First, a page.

June 15, 2017
TAHLEQUAH, Okla. — Cherokee Nation Health Services recently received the Public Health Innovation Award from the National Indian Health Board at a national conference earlier this month.
The Public Health Innovation Award is given annually to the tribal government, individual, organization or program that best exemplifies the advancement of public health for Native Americans and Alaskan Natives.
The tribe was recognized for their efforts at the 8th Annual National Tribal Public Health Summit in Anchorage, Alaska.
“Cherokee Nation Health Services strives to be a leader in health care throughout Indian Country,” said Connie Davis, executive director of Cherokee Nation Health Services. “On behalf of our Cherokee Nation Health Services employees, I thank the National Indian Health Board for this honor. It’s truly humbling for our team to receive this recognition, and I commend each and every one of our employees who make Cherokee Nation Health Services a first-class department.”
The tribe’s Public Health department educates citizens on healthy eating and exercise habits, and also addresses common challenges like alcohol and tobacco use awareness within the tribe.
Senior Director of Public Health Lisa Pivec accepted the award and spoke about building public health infrastructure.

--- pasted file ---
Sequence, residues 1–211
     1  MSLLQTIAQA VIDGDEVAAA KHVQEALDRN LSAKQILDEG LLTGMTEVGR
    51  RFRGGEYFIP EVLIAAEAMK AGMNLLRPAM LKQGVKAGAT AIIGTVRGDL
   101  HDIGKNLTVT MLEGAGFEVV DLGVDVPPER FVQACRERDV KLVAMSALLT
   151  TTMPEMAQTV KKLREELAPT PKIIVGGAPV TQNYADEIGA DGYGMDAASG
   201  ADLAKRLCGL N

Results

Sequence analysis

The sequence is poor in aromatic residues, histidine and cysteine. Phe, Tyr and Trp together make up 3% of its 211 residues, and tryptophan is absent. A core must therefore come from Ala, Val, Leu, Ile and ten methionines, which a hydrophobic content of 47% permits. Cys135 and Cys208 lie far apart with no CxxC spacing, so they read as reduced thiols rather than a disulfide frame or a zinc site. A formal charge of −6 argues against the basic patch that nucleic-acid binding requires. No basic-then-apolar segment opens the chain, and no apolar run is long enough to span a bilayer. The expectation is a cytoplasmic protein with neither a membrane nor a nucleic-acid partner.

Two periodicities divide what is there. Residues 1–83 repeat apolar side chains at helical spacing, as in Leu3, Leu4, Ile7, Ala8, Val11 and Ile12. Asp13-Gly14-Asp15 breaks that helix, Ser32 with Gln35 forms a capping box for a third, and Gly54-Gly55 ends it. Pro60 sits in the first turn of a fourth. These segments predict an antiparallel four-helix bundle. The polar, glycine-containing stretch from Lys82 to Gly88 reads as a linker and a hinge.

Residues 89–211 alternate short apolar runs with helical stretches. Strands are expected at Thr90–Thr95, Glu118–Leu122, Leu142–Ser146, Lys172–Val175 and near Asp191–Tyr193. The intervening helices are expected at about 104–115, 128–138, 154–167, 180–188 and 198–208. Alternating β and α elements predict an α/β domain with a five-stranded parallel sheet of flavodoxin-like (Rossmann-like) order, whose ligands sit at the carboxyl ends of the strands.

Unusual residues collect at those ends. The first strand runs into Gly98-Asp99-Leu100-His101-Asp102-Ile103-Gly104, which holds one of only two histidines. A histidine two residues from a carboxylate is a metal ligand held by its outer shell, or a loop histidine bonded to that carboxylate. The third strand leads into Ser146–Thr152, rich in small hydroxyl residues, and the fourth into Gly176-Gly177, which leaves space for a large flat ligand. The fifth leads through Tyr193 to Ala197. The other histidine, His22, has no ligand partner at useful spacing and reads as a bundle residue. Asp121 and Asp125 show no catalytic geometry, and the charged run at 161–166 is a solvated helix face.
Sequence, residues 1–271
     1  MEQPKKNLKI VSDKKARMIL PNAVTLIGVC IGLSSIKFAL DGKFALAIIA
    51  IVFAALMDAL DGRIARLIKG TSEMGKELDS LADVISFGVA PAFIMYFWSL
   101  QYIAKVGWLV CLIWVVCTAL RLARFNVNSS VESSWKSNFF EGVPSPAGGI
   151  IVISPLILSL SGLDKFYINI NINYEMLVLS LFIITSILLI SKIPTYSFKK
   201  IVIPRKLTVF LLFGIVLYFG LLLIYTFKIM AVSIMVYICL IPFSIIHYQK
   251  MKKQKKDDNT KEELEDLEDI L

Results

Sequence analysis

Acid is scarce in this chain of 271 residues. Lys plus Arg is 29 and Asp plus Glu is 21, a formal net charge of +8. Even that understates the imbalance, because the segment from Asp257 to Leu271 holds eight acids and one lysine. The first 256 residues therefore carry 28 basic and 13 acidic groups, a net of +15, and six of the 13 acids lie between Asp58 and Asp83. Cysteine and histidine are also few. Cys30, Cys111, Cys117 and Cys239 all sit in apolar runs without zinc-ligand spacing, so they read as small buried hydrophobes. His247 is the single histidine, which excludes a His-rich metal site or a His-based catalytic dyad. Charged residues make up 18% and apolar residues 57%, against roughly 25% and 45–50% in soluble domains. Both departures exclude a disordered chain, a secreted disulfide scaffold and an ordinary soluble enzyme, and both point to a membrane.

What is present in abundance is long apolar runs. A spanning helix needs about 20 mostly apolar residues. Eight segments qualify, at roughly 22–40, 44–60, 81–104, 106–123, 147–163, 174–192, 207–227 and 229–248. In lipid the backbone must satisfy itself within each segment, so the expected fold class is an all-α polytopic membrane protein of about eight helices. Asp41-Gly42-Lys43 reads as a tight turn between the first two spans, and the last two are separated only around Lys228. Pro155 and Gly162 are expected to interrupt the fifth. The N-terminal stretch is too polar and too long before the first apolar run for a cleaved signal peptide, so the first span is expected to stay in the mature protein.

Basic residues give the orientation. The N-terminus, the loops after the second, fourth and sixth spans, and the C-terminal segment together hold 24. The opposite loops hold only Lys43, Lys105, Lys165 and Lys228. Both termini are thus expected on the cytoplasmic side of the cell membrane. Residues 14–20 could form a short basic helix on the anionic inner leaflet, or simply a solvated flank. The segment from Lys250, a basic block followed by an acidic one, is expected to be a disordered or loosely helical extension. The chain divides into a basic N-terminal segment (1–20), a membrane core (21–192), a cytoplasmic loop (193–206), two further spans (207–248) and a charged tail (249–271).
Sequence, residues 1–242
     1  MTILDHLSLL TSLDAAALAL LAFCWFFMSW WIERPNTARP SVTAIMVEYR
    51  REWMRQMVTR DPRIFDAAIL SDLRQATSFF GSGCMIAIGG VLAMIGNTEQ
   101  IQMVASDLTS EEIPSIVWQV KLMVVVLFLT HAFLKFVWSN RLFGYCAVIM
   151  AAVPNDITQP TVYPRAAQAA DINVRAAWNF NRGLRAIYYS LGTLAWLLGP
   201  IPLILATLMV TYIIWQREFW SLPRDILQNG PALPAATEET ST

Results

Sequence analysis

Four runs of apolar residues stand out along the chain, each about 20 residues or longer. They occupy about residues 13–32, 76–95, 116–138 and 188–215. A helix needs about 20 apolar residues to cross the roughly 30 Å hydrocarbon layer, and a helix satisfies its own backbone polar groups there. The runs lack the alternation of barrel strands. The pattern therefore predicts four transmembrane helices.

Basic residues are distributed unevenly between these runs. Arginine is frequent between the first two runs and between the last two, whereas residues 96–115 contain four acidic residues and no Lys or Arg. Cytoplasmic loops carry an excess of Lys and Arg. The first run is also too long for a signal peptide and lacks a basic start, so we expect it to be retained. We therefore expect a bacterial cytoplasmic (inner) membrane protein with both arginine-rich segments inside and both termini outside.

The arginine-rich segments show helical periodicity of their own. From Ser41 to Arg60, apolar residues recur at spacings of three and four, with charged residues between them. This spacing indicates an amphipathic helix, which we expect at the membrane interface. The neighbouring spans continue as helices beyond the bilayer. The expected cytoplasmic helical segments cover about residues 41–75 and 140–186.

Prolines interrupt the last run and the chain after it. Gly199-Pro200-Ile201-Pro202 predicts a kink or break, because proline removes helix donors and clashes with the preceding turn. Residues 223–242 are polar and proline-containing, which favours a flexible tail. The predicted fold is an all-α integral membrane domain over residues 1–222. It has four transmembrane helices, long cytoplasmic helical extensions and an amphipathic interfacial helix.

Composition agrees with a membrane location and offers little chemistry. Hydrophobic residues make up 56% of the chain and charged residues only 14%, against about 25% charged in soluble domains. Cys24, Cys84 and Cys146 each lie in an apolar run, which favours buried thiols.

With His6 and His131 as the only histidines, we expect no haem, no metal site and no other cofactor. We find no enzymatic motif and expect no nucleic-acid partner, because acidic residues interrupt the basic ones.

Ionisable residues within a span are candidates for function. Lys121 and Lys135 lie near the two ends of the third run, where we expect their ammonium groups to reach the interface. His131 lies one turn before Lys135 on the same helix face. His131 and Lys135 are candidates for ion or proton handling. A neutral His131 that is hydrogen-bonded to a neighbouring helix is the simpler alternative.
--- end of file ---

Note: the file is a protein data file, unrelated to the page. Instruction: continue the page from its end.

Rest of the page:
“The most rewarding aspect of the recognition is knowing we are honoring those who have gone before us to ensure we have this great Cherokee Nation to protect and preserve,” Pivec said. “I believe that any successes are the result of the work of so many citizens over the years, people devoted to paving the way for our next generations.”
Last year, Pivec was also recognized by the NIHB with their area impact award. The award highlighted her impact on the tribe’s growing public health program since 1994, when Pivec helped start Cherokee Nation’s Healthy Nation program.
“Lisa led the development of public health at Cherokee Nation from its infancy, and the tribal nation is now the first Public Health Accreditation Board-accredited tribal public health system,” the NIHB said in a statement about the nomination. “Now, Cherokee citizens consider the vast number of prevention programs she developed as a part of their daily activities. Along with her staff, Lisa has created great changes in health among the Cherokee people she serves.”
In addition to presenting awards for public health innovation and area impact, the NIHB works with tribes on advocacy, training and legislation to better Native health care.
“Public health is about addressing the social determinants of health and strengthening the environments where we live, work, play, learn and worship,” Pivec said. “I have been blessed to have had the opportunity to serve and do work that doesn’t feel like a job but more like a life purpose.”
Cherokee Nation Health Services operates the largest tribally run health system in the country, with more than a million patient visits in 2016. It consists of eight health centers and W.W. Hastings Hospital in Tahlequah.